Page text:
Abstract: The function and efficacy of synaptic transmission are determined not only by the composition and activity of pre- and postsynaptic components but also by the environment in which a synapse is embedded. Glial cells constitute an important part of this environment and participate in several aspects of synaptic functions. Among the glial cell family, the roles played by astrocytes at the synaptic level are particularly important, ranging from the trophic support to the fine-tuning of transmission. Astrocytic structures are frequently observed in close association with glutamatergic synapses, providing a morphological entity for bidirectional interactions with synapses. Experimental evidence indicates that astrocytes sense neuronal activity by elevating their intracellular calcium in response to neurotransmitters and may communicate with neurons. The precise role of astrocytes in regulating synaptic properties, function, and plasticity remains however a subject of intense debate and many aspects of their interactions with neurons remain to be investigated. A particularly intriguing aspect is their ability to rapidly restructure their processes and modify their coverage of the synaptic elements. The present review summarizes some of these findings with a particular focus on the mechanisms driving this form of structural plasticity and its possible impact on synaptic structure and function. 1. Introduction Since the earliest studies on glial cells in the 19th century, Ramón y Cajal, Camillo Golgi, and their contemporary colleagues have described astrocytes as very particular cells in intimate contact with neurons and capillaries. Based on these observations, they made different hypotheses on their physiological function, ranging from passive space filling in the neuropil to active energy supply for neurons [1]. Almost 150 years later, the neurophysiological role of astrocytes is still a subject of intense debate, although increasing data suggest that they are active players in mechanisms of synaptic transmission and plasticity [2]. Numerous data demonstrate that thin astrocytic processes infiltrate brain tissue [3]. The most commonly used name for these thin processes is “peripheral astrocytic processes,” as it is often difficult to distinguish, with light microscopy, their exact position with regard to different neuropil elements. However, in this review we will mostly focus on the data, obtained with various techniques, concerning fine astrocytic processes that are in close association with synaptic contacts, and thus the term “perisynaptic astrocytic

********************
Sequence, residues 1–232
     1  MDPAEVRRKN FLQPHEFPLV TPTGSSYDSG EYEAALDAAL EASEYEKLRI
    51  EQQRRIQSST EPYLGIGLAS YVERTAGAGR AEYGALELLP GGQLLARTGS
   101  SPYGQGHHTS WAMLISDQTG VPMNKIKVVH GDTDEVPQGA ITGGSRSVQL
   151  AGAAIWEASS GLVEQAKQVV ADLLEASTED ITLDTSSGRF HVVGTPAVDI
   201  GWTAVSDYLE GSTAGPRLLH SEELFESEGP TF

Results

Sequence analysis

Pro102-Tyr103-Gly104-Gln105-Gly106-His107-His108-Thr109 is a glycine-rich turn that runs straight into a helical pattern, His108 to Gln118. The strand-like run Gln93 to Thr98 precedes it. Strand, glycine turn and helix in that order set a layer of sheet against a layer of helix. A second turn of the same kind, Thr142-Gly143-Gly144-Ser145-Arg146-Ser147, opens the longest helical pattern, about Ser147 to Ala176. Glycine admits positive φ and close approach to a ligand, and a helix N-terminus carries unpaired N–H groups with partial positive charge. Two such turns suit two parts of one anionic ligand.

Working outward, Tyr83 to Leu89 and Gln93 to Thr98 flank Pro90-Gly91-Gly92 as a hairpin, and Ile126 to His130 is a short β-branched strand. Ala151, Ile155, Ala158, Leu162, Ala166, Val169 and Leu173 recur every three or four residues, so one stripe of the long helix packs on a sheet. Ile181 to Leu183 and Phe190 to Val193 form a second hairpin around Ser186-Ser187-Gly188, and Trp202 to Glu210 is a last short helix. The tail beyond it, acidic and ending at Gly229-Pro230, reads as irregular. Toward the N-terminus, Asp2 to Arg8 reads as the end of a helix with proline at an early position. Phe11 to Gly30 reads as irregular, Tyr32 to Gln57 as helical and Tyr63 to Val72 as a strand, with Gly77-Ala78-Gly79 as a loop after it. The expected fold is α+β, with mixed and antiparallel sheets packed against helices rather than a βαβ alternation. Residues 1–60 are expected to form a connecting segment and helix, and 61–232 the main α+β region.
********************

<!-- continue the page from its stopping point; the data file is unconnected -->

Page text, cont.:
Dendritic Spine Plasticity and Cognition
Ignacio González Burgos,Irina Nikonenko,Volker Korz
Neural Plasticity , 2012, DOI: 10.1155/2012/875156
Abstract:
Dendritic Spine Plasticity and Cognition
Ignacio González Burgos,Irina Nikonenko,Volker Korz
Neural Plasticity , 2012, DOI: 10.1155/2012/875156
Abstract:
The Analysis of Accelerograms for the Earthquake Resistant Design of Structures  [PDF]
Victor Corchete
International Journal of Geosciences (IJG) , 2010, DOI: 10.4236/ijg.2010.11004